The S&P 500 index fell as low as 1388 today, down 86 points or 5.9% from its September 14th high of 1474.
The table below summarizes all the peak-to-trough pullbacks in the SPX since the March 2009 bottom. Note that while a 5.9% drawdown is right in the middle of the pack in terms of the magnitude of the drop, the 36 days that it has taken for stocks to fall that far makes the current pullback the fourth longest in terms of peak-to-trough duration. Of course, these statistics all assume that today's low will mark a bottom – and while recent market action supports that thesis, there are no guarantees that SPX 1388 will hold.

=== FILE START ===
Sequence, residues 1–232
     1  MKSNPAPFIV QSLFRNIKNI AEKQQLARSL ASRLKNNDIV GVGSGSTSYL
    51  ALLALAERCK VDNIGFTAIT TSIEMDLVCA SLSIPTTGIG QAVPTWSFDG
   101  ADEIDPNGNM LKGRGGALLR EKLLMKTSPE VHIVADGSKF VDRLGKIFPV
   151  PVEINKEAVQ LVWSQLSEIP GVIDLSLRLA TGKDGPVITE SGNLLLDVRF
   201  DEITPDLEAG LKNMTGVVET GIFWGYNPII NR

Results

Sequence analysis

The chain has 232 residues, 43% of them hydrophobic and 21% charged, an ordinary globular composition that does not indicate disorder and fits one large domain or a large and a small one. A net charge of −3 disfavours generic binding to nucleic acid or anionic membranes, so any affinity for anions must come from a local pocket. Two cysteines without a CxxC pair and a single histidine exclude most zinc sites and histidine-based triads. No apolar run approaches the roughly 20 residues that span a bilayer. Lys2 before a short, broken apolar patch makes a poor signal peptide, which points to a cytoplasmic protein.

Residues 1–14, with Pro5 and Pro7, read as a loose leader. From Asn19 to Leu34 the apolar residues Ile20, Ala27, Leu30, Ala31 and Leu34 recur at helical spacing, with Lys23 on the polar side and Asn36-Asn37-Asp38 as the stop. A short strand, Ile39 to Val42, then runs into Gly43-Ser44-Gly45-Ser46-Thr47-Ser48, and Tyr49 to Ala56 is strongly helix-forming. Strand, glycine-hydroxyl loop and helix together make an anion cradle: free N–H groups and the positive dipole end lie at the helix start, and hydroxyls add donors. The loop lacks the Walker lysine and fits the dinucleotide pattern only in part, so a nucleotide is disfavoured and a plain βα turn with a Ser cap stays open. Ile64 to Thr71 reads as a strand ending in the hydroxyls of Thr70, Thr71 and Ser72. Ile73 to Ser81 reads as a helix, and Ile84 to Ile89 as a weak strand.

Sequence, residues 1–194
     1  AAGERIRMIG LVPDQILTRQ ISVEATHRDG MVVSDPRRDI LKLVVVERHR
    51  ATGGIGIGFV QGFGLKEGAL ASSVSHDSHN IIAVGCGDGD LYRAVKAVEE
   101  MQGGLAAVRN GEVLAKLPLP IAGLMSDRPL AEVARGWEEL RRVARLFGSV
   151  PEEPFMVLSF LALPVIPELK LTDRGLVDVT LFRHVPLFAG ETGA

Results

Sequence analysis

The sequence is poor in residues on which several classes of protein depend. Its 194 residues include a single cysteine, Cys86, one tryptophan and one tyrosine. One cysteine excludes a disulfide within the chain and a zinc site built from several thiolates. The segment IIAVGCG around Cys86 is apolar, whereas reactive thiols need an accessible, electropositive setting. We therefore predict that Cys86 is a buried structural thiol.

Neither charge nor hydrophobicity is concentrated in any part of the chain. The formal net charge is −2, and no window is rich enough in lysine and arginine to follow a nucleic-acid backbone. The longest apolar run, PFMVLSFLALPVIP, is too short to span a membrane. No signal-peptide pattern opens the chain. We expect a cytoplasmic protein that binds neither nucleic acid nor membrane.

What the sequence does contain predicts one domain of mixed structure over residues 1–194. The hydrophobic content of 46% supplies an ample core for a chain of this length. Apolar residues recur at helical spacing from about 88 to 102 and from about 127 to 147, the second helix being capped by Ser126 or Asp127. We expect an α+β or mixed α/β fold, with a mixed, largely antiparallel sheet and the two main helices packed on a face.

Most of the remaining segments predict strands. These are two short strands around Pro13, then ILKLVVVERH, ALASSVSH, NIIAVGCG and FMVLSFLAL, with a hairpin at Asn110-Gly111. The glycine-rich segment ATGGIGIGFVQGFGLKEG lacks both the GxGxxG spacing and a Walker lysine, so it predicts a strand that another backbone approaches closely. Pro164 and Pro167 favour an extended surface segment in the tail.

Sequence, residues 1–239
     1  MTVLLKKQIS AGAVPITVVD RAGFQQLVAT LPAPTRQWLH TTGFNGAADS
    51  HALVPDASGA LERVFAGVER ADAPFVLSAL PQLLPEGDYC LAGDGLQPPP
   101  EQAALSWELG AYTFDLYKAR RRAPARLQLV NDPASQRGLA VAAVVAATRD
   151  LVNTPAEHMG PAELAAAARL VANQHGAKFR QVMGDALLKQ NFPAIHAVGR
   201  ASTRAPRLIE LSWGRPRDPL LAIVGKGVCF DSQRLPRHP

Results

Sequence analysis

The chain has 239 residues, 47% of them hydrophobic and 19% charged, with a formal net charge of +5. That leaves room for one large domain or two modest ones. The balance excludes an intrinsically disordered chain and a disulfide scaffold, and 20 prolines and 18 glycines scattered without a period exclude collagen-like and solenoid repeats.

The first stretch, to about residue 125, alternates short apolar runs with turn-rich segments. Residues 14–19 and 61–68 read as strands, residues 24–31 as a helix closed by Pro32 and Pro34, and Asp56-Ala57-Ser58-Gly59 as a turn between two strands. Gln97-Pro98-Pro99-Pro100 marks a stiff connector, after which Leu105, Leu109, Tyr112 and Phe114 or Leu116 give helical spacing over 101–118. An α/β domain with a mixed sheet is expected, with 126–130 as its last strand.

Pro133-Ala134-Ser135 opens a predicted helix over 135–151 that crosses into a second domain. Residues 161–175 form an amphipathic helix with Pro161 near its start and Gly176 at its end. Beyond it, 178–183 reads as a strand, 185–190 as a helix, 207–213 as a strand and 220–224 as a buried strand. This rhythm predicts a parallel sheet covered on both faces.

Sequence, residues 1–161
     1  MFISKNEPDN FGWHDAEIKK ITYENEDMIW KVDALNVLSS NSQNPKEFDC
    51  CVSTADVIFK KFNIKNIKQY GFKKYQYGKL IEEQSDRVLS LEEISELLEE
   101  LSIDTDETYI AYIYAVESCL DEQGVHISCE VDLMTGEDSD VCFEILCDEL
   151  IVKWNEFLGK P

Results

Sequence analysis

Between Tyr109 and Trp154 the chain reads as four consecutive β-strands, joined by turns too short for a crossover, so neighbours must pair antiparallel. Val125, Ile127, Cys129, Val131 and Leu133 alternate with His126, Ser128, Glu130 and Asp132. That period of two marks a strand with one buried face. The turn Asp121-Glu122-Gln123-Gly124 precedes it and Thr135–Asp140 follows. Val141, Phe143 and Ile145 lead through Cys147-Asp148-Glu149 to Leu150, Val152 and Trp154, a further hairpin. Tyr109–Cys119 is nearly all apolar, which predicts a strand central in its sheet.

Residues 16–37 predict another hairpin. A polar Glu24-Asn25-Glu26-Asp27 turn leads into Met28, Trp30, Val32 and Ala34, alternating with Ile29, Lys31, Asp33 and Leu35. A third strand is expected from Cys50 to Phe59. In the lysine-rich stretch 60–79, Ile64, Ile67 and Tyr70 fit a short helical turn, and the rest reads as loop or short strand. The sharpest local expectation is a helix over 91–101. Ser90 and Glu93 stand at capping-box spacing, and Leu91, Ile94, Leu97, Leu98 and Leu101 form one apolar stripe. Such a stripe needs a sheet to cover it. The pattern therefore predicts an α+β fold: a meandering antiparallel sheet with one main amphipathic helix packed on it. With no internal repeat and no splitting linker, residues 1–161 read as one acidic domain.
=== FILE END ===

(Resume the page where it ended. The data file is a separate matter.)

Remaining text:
Also worth noting is the fact that 2012 is the first year that has seen more than one pullback with a duration of at least a month. There are several ways to interpret this. One, of course, is that when there has been weakness as of late, that weakness has persisted for a long time. Another way to interpret the lengthy pullbacks might be that the tendency of the bulls to buy on the dips has diminished the likelihood of sharp downward moves in stocks.